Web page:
The airport industry briefing

The latest news, views and numbers you need to know this month

News in Numbers






6.7 million


India to invest $3.3bn over five years for expansion of airports

The Airports Authority of India has announced an investment of $3.3bn to expand existing airports in the country and modernise them over the next four to five years.

This investment will enable the creation of new terminals, as well as the expansion and overhaul of existing terminals.It will also support the expansion or revamp of aprons, runways, control towers and airport navigation services.

The three public-private partnership airports located in Delhi, Hyderabad, and Bengaluru will invest $3.9bn for expansion work by 2025.

HEL Terminal 2 extension to open next month

Finnish airport operator Finavia is set to open the new extension of Terminal 2 (T2) at Helsinki Airport (HEL) on 1 December.

SRV executed the expansion project as the main contractor. ALA Architects designed the new portion of the terminal, along with the bus and taxi stations. Architecture firm HKP was in charge of terminal alterations while Ramboll worked on the technical design.

HEL T2 has been designed to be 30% more energy-efficient than officially needed. It features thermal insulation for effective heat recovery and smart luminaires, which can modify their brightness according to the natural light in the terminal.

Construction starts on WSIA terminal

Construction work has officially commenced for the passenger terminal of Western Sydney International (Nancy-Bird Walton) Airport (WSIA) in Australia.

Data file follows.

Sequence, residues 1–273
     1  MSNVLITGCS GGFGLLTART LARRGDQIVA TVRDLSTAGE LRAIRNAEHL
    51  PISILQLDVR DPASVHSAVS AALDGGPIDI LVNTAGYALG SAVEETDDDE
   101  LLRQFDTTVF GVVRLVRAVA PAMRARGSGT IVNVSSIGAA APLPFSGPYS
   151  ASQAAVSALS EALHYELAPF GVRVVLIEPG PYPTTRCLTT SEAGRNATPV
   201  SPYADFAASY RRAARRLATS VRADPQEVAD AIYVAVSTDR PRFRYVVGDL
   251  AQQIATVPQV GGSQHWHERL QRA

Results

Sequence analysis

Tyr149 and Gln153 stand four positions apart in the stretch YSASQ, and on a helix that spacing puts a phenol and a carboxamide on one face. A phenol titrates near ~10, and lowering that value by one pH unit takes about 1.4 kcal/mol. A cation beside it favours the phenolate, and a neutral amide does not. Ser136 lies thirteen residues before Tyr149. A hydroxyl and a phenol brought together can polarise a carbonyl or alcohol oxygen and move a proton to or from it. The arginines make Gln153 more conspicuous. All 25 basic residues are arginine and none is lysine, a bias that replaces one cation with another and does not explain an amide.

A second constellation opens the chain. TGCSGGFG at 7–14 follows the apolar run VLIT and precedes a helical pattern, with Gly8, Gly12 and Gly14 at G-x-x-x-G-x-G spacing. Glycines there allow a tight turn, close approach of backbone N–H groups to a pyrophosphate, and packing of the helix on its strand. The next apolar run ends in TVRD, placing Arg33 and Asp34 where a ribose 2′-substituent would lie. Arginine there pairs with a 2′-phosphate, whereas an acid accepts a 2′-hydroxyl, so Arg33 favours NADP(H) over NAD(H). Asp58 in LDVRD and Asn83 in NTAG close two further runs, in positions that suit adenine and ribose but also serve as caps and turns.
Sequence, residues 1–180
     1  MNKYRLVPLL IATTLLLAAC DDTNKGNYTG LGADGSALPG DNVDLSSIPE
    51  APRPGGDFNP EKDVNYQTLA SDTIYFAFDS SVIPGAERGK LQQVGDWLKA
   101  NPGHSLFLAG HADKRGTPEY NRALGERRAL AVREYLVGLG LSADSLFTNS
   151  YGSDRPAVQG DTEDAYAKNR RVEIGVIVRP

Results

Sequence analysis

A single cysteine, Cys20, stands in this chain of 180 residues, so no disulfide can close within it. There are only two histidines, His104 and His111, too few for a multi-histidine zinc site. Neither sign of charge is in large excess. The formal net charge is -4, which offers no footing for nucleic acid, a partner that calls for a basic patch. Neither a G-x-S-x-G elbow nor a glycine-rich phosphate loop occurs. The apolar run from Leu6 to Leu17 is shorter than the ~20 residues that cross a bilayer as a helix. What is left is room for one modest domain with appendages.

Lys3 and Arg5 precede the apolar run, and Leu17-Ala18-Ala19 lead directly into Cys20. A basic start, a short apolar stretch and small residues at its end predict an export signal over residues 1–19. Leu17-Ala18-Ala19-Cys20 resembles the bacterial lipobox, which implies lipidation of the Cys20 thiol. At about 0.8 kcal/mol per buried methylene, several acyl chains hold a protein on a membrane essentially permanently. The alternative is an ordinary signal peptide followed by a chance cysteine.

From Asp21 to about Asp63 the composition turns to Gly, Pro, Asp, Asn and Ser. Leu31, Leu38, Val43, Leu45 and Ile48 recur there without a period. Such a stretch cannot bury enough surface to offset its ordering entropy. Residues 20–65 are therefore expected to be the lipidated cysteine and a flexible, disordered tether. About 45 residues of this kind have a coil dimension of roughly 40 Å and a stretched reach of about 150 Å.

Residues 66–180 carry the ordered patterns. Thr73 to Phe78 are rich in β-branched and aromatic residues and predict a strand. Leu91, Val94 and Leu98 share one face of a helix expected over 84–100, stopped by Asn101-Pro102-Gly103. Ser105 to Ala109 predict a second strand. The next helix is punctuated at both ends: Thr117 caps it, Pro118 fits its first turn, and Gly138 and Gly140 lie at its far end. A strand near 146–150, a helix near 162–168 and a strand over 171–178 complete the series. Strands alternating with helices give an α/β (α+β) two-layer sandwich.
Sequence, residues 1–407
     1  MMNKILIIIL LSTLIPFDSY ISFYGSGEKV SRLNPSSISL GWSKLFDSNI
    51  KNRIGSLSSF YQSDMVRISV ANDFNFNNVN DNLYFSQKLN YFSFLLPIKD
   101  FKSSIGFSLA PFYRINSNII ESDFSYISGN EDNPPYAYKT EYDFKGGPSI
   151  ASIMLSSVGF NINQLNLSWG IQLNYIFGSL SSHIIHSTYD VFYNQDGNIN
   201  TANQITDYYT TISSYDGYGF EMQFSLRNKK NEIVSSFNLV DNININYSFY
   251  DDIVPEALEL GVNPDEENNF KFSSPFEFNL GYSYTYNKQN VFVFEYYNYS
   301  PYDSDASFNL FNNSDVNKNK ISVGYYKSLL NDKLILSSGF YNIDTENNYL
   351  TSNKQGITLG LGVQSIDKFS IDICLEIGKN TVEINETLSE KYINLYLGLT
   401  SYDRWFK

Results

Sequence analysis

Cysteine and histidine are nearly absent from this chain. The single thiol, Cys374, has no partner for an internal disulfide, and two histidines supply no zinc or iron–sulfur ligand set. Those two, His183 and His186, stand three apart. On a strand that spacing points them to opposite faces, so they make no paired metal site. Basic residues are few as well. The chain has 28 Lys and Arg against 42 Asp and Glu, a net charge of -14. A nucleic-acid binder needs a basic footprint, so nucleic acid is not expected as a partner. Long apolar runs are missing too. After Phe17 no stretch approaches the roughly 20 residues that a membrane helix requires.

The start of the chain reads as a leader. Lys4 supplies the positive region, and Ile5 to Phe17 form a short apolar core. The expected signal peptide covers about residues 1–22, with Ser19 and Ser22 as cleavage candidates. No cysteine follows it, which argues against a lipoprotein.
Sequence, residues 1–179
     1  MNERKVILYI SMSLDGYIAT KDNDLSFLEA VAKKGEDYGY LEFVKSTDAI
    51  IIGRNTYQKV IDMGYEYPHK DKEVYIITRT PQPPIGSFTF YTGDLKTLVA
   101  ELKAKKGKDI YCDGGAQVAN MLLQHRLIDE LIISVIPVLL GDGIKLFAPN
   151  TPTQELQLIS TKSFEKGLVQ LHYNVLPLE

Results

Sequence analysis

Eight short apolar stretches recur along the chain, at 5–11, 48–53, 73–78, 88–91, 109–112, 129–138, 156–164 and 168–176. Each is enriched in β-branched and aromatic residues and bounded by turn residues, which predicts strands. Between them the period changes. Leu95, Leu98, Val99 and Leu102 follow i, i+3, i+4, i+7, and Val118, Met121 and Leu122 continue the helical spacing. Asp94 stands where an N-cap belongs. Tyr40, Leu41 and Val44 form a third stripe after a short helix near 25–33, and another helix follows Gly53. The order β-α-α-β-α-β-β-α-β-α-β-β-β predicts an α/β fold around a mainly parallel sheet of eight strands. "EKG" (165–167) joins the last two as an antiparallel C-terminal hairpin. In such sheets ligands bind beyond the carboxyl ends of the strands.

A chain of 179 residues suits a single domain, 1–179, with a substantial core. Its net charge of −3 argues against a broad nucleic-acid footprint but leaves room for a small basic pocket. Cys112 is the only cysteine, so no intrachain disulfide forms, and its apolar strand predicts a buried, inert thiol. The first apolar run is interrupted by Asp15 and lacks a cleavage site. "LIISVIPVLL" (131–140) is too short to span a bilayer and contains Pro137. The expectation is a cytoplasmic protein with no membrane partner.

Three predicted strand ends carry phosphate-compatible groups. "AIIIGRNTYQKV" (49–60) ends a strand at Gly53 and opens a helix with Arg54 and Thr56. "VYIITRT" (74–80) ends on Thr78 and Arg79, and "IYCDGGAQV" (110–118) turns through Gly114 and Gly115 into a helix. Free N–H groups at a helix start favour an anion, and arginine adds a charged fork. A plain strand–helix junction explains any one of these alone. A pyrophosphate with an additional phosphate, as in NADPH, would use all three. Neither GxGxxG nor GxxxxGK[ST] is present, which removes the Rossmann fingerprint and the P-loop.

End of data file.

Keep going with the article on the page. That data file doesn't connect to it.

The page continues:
This airport is being developed with an aim to offer the ‘most seamless and reliable experience possible’ for passengers.

New PNQ terminal to be completed by August 2022

Airports Authority of India has announced that the construction work for the new integrated terminal building at Pune International Airport is scheduled to be finished by August 2022.

The total project is valued at around $65.07m (Rs4.75bn), with 60% of the work already concluded.


AOA chief executive Karen Dee comments on the final report of the Union Connectivity Review:

“The pandemic has had a devastating impact on the UK’s connectivity and the Union Connectivity Review is a welcome step towards recovering and expanding some of our domestic connectivity. The report is right to highlight that aviation provides essential connectivity within the UK that even improvements to other modes cannot replace.

“However, domestic routes are only one part of the post-pandemic connectivity recovery. The four UK nations do not only rely on connectivity to other parts of the UK to thrive but also internationally. This connectivity is expected to recover more slowly and the UK and devolved administrations need to set out ambitious proposals to ensure all parts of the UK have the connectivity they need.

“Without good air links, the UK Government’s Global Britain ambitions and levelling up plans will be difficult, if not impossible, to deliver.”

Willie Walsh, IATA’s director general, warns that the imposition of travel bans by governments could threaten recovery:

"The lifting of the US restrictions on travel from some 33 countries last month raised hopes that a surge in pent-up travel demand would buoy traffic over the coming Northern Hemisphere winter.

"But the emergence of the Omicron variant panicked many governments into once again restricting or entirely removing the freedom to travel – even though the WHO clearly advised that ‘blanket travel bans will not prevent the international spread, and they place a heavy burden on lives and livelihoods.’

"The logic of the WHO advice was evident within days of Omicron’s identification in South Africa, with its presence already confirmed in all continents. The ill-advised travel bans are as ineffective as closing the barn door after the horse has bolted.”